Rani was to act as a film actress in the defendant’s studio, on
payment of a certain amount. Raj Rani was not given any work.
She sued the producer, Prem Adib for the breach of contract. It
was held that the plaintiff, being a minor, the contract was void. It
was also observed that the contract of service entered into by the
father on behalf of his minor daughter was void for another reason
also, that is, the same was without any consideration because
consideration moving from a third party, who was a minor is no
consideration.
Contracts of Apprenticeship
Although Indian law does not make a minor bound by the contract
of service, contracts of apprenticeship are binding under the Indian
Apprenticeship Act, 1961. Since the contracts of apprenticeship
are binding against the minor, such contracts could validly be
entered into by a minor’s guardian on behalf of the minor.
Contracts of marriage
Contracts of marriage are supposed to be beneficial to minors
and, therefore, a minor is entitled to enforce them. In khimji
Kaverji Vs. Lalji Karamsi (1941) the question before the
Bombay High Court was, whether the contract of marriage of a
minor girl entered into by her mother on her behalf with a major boy
could be enforced and she could sue for the breach of contract.
The question was answered in the affirmative and her action was
allowed. Kania J. observed :
“The decision of this court show that a contract of betrothel made
by a guardian of a minor Hindu was not questioned as enforceable.
When the minor brought a suit against the other contracting party
to get his rights declared and enforced, the court assisted him in
doing so. The principle on which it appears that contracts of this
kind are considered enforceable at the instance of the minor is that
the contract was made on behalf of the minor by his guardian and if
the court found that it was for his benefit the Court enforced it.”
In Abdul Razak Vs. Mahomed Husein (1917) The Bombay
High Court allowed an action against a muslim father, who
promised to give his minor daughter in marriage to the plaintiff, but
subsequently there was a breach of the contract. In this case after
the defendant agreed to give his minor daughter in marriage to the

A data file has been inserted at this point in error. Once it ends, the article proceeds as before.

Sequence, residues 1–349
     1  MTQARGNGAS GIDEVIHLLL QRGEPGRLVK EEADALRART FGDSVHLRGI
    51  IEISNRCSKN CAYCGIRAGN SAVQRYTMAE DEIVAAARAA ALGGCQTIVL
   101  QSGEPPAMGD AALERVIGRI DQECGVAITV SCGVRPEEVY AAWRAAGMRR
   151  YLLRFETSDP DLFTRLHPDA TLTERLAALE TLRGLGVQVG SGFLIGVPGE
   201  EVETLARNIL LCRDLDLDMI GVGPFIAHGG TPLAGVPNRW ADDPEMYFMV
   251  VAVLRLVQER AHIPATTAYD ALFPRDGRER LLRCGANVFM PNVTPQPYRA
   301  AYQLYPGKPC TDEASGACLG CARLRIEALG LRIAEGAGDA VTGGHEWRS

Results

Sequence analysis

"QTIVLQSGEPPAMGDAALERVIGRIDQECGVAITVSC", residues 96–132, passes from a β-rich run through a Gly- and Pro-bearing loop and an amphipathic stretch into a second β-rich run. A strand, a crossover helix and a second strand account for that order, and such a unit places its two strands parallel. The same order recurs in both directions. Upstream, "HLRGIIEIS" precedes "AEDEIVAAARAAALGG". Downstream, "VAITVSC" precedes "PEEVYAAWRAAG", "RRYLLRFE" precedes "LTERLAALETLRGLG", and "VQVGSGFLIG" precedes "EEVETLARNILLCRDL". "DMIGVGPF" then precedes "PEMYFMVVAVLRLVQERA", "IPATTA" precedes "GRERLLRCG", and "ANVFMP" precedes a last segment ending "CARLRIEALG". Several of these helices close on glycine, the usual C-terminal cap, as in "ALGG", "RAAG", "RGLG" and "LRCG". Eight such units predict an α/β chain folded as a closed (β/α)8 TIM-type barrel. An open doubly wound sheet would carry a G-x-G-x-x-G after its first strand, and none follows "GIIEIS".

plaintiff, the plaintiff spent some amount by presenting ornaments
and clothes to the defendant’s daughter and incurred certain other
expenses in connection with the agreement for the marriage. On
the breach of the contract of marriage, it was held that the plaintiff
was entitled to recover the amount from the defendant under
sections 65 & 73 of the Contract Act.

Contracts beneficial to a minor


While no liability can be incurred by a minor he is not debarred from
accepting a benefit. If a minor has advanced mortgage money and
there is a mortgage in his favour, he can sue for enforcement of a
contract. (Raghava Chariar Vs. Srinivasa ) 1916
Similarly, a minor can sue on a promissory Note executed in his
favour. (Ranganazu Vs. Madura Basappa) (1913)

Position of a person of Unsound Mind


We have already noted that according to section 11 a person of sound
mind is competent to contract. It means that if a person is of unsound
mind he is as much incompetent to contract as a minor. What is sound
mind for the purpose of making a valid contract has been defined by
section 12 as under :
“A person is said to be of sound mind for the purpose of making a
contract if, at the time when he makes it, he is capable of
understanding it and of forming a rational judgement as to its effect
upon his interests.”
Soundness of mind is required only at the time of making a contract. It
is possible that a person who is usually of unsound mind, may make a
contract when he is of sound mind. It means that even a person who
is usually of unsound mind can make a contract during lucid intervals,
i.e., at such intervals when he is of sound mind. Thus, a patient in a
lunatic asylum, who is at intervals of sound mind, may contract during
those intervals.
Just as a person who is usually of sound mind can make a contract
during lucid intervals, in the same way, a person who is usually of
sound mind, but occasionally of unsound mind, may not make a
contract when he i9s of unsound mind. Thus, a sane man, who is
delirious from fever or who is so drunk that he cannot understand the
terms of a contract or form a rational judgement as to its effect on his
interests, cannot contract whilst such delirium or drunkenness lasts
(Ram Sundar Saha Vs. Raj Kumar (1928)

In Indar Singh Vs. Parmeshwardhari Singh (1957) it has been


held that “ a person may to all appearances, behave in a normal
fashion, but, at the same time, he maybe incapable of forming a
judgement of his own, as to whether the act he is about to do is to his
interest or not, and to the contracts of such a person the law gives
protection”. In this case, on the death of his Father, the defendant No.
1 purported to sell some properties to the plaintiff for a consideration of
Rs. 7,000/- and executed a sale deed for the purpose. The properties
purported to be sold under the sale deed were worth Rs. 25,000/-
Mother of defendant No. 1 pleaded that her son was a congenital idiot,
incapable of understanding transactions relating to transfer of
properties, and that he is a man of unsound mind and mostly wanders
about here and there and therefore, the transaction made by him is
void. It was held that defendant No. 1 was incapable of understanding
business and forming a rational judgement as to its effect upon his
interest at the relevant time and, therefore, the sale deed executed by
him in favour of the plaintiffs did not confer any title on them.